- Plains All American (PAA/PAGP) is well-positioned to generate meaningful free cash flow. This provides financial flexibility and supports distribution growth.
- Plains unveiled a multi-year capital allocation framework in November 2022, which included clear distribution growth targets.
- Plains sees growth opportunities in the Permian and Canada, which can be pursued while maintaining capital discipline.
Last week, management from Plains All American (PAA/PAGP), including Chairman and CEO Willie Chiang, participated in a fireside chat call series co-hosted by Morgan Stanley and VettaFi. Free cash flow generation, capital allocation, and opportunities in the Permian and Canada were among the key topics.
Free cash flow generation in focus.
Plains is well positioned to generate meaningful free cash flow, which provides financial flexibility and supports distribution growth (discussed more below). And the company expects to generate $1.6 billion in free cash flow this year. Management also highlighted that PAA’s mid-teens free cash flow yield is competitive with both midstream peers and energy companies broadly.
Continued capital discipline is a key component to strong free cash flow generation. And management expects growth capital spending to remain in a range of $300-400 million for the next few years. Plains has earmarked roughly half of the spending for connecting new wells to their Permian crude gathering system.
Capital allocation prioritizes distribution growth.
With excess cash flow generation, it can be helpful for investors to have a clear outline of how that cash will be deployed. In that vein, Plains announced a multi-year capital allocation framework in November 2022. And we believe other midstream companies could benefit by providing similar guidance (read more).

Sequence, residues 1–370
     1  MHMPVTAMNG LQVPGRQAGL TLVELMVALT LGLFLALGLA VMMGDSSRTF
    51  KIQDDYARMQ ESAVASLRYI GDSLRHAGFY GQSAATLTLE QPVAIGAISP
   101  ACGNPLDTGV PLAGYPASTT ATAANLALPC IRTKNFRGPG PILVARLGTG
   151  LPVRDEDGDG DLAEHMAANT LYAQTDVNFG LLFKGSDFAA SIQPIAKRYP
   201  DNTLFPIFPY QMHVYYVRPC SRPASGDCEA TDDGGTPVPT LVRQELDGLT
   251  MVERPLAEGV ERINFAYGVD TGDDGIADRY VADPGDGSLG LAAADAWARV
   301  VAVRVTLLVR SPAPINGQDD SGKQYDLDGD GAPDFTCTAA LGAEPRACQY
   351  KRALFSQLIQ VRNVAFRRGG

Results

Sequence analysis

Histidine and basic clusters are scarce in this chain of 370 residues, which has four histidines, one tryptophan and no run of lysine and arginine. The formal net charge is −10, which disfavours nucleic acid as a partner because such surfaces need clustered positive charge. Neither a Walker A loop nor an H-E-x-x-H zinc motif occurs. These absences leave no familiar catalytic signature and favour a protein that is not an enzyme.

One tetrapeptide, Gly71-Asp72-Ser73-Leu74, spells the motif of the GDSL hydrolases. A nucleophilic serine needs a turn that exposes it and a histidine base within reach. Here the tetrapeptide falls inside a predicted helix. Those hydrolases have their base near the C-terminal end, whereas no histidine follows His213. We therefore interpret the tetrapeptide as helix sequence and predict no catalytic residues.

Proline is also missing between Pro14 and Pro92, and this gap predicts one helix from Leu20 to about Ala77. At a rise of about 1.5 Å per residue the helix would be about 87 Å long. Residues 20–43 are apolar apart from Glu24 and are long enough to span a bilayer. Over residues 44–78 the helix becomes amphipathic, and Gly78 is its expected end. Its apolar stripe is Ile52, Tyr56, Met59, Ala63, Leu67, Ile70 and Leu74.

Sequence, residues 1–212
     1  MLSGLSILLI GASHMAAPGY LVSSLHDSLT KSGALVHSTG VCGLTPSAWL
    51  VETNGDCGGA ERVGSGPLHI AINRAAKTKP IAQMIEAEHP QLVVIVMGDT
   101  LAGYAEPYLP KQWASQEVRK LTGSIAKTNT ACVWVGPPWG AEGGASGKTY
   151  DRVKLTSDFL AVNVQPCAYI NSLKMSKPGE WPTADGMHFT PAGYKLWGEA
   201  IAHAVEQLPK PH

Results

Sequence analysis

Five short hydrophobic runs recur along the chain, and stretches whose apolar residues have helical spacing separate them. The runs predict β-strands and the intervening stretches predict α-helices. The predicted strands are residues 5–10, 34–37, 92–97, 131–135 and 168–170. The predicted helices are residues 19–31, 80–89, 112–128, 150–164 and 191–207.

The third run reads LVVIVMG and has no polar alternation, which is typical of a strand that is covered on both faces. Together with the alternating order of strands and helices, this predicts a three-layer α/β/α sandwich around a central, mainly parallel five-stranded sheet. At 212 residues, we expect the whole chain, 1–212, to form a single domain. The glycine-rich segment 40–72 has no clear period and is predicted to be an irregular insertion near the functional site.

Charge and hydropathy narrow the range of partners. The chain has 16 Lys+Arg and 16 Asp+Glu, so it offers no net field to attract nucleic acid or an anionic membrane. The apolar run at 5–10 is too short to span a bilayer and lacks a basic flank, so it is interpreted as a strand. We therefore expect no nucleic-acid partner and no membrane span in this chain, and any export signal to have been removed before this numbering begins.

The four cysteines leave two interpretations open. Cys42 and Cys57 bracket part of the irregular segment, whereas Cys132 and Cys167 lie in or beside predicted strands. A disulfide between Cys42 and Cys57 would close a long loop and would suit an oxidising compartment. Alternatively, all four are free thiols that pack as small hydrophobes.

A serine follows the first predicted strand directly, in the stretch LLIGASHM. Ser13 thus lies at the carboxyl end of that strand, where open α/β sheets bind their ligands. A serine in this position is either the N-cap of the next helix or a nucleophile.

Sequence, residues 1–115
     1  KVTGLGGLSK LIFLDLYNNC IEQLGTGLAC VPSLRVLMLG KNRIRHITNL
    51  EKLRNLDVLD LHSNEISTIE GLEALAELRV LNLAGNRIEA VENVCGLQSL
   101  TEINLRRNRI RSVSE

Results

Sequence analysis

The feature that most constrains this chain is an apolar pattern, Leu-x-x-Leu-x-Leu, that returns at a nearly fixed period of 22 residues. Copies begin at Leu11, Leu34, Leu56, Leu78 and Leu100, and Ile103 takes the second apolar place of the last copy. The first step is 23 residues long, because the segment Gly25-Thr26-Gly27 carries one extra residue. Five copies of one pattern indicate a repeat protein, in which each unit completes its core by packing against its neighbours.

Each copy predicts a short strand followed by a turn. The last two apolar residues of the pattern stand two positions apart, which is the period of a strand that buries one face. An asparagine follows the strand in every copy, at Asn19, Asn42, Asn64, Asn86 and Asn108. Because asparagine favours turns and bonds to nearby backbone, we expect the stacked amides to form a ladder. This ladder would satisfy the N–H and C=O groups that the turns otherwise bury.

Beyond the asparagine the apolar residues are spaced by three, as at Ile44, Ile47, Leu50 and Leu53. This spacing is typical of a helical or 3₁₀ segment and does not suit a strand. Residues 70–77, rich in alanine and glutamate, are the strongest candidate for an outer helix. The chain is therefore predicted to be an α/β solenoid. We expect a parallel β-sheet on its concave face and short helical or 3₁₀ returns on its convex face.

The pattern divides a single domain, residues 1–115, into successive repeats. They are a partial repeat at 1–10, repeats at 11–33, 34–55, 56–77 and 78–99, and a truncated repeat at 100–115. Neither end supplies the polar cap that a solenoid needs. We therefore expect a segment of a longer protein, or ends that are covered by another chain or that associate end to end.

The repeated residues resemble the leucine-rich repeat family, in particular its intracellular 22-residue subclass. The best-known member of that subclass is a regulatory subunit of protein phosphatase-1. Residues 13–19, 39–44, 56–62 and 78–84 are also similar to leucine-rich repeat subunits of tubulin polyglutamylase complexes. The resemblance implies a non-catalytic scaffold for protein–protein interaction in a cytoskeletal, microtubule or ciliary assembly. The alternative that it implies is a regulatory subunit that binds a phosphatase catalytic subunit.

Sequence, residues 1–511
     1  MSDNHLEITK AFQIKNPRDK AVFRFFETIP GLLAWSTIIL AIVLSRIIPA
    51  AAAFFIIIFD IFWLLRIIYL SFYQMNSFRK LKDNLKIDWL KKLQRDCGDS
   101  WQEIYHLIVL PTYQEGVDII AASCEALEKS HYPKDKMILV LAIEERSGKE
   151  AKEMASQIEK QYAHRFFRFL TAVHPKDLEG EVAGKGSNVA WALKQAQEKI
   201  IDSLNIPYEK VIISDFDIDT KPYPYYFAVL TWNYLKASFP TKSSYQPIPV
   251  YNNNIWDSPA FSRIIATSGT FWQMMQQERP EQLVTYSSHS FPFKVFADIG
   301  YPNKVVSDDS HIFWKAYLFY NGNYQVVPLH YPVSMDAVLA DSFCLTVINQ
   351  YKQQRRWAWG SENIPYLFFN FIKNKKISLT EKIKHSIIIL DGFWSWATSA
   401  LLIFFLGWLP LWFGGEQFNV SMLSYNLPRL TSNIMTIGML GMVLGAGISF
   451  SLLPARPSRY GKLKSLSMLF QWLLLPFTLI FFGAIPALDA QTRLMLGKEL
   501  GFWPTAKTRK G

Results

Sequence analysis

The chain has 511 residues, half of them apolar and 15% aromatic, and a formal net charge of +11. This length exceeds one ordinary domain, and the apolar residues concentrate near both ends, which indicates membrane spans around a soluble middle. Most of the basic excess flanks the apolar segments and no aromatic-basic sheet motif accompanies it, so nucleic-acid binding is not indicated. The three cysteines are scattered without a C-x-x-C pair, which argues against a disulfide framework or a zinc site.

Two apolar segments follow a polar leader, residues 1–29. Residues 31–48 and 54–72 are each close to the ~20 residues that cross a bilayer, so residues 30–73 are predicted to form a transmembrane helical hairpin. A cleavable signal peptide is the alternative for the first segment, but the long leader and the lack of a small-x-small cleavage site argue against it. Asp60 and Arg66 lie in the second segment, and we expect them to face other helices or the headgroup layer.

Central to Plains’ framework is distribution growth. This includes a $0.20 per unit annualized distribution increase implemented earlier this year and $0.15 per unit annual distribution increases until distribution coverage reaches 160%. With 2022 coverage at 273% (read more), there is a long runway to reach 160%, and $0.15 per unit annual distribution growth will be targeted for several years. Management cited a 12.5% compound annual growth rate for the distribution as a differentiating factor for PAA relative to peers.
Additionally, debt reduction remains a priority. In 1Q23, PAA reduced debt by $450 million. And management expects its leverage ratio to be 3.5x at year-end. Buybacks are expected to remain opportunistic. Management views the buyback authorization as a tool to support the equity price when markets disconnect from fundamentals.
Growth opportunities from the Permian and Canada.
Plains sees growth opportunities in the Permian and Canada, which they could pursue while maintaining capital discipline. In the Permian, Plains’ integrated crude system stands to benefit from continued production growth. Management expects Permian oil production to increase by 500,000 barrels per day this year, implying production of 6.15 million barrels per day at year-end. Extra capacity in PAA’s intra-basin and long-haul crude system allows for growth with minimal capital spending.
And in Western Canada, Plains has an extensive natural gas liquids (NGL) business. Management is weighing a low-cost, high-return project to debottleneck and optimize assets to expand capacity there. More details will likely be provided on the August earnings call.
Plains also sees an opportunity in low-carbon energy projects. Management noted that these projects have to provide attractive returns and compete for capital like any investment. At its joint venture NGL processing facility in Sarnia, Ontario, PAA is installing a battery system that will provide power at peak times and charge during off-peak times when low-carbon electricity is more readily available. Also in Canada, Plains is working with the Canadian government and Atura Power to explore opportunities in hydrogen. Specifically, they are considering using their NGL storage caverns to store hydrogen, which could then be piped to power plants.
PAA vs. PAGP.
Plains is unique in the midstream space due to its dual tickers. PAA is an MLP that issues a K-1, while PAGP, structured as an “Up-C,” provides a 1099. However, even though it issues a 1099, PAGP is expected to provide return-of-capital dividends for the next six years and is not expected to pay cash taxes for the next decade. Importantly, the economics and dividends for the two tickers are the same, but investors can choose the tax structure that best suits their needs. When asked about C-Corp conversion or consolidating into one ticker, management noted that they like having both tickers and cited the potential tax implications of a C-Corp conversion.
Plains generates compelling free cash flow, which enhances financial flexibility and is expected to support distribution growth for years to come. The company can leverage existing assets to pursue growth while also prioritizing capital discipline.
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